|Photo by Evan Prunty|
And if you could write a soundtrack to all of that, no doubt it would sound an awful lot like the Venus Flytraps.
“I agree with the basement part, we're very underground,” commented singer Vondrella Raygun, “and 1966 was a great year in music for snotty teen angst. I wish it was sunny where we live. It's very dark here.”
The Venus Flytraps are an unapologetically edgy garage punk band hailing from the home of the Rock and Roll Hall of Fame, Cleveland. Formed in 2016, the group right now has only a few songs out publicly. By all appearances, though, the band’s all set to start causing a buzz.
They have one full-length album about ready to go. They’ve also caught the ear of of those who can share their music with a way bigger audience. Talking to Garagerocktopia via email, the band also consists of Kelly Venus on guitar, Aubrey O'Blivion on bass and Mike Hood on drums. Band members declined to provide legal names.
The music doesn’t chintz on the heavy beats and snarly attitude. At first listen, we thought West Coast vibe, but O’Blivion set us straight, saying it was a different emotions at play.
“Everyone's listening experience is subjective,” explained O’Blivion. “I'm from the West Coast so I appreciate your position, but our music is more informed by Rust Belt artists and midwestern economical depression than LA grime.”
Band members cited many of the influences common to bands that we profile on this blog, but they also threw in some history and biology, too.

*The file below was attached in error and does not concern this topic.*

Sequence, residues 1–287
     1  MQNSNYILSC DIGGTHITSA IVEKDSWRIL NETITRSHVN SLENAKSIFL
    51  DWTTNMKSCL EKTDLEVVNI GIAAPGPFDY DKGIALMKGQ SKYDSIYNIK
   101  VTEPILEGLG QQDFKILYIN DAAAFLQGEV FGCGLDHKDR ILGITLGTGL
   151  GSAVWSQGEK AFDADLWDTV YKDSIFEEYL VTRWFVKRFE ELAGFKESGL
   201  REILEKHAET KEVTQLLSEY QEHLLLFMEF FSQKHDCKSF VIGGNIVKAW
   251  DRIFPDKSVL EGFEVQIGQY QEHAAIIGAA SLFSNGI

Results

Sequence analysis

“We’re all about the deep-seated, sick, carnal desires that turn your stomach and turn you on at the same time,” Venus advised. “Music with tension, frustration, anger and sincerity. We’re all working-class and we’re all fed-up and disgusted by the world at large where we’re treated like garbage and the people with the most power are dull, spoiled swine.”
“Real rock and roll is by and for the working class because it comes from that dissatisfaction. All of that influences us and comes out in what we play and how we play it.”
Raygun pointed more to artists, reciting a very familiar – and by our reckoning, complete – list of inspirations.
“For me it’s the usual suspects,” said Raygun. “The Sonics, Link Wray, Little Richard, Bo Diddley...all the best and wildest tripped out early rock n roll music, when singers were like Otis Redding and James Brown, real men who could just wipe the floor with the limp noodles who pass for singers these days.”
Right now, the Venus Flytrap only have about four songs available to schlubs like us, but that’s about to change. A whole album will soon be unveiled, and Raygun says there’s a lot more where that one comes from.
“A full-length CD is coming soon,” Raygun reported. “And we’ve got the second and most of the third album worked out too, we just have to record them. By the time everyone is fully caught up on our debut, we'll have the second one all set to blow their minds back to the Stone Age.”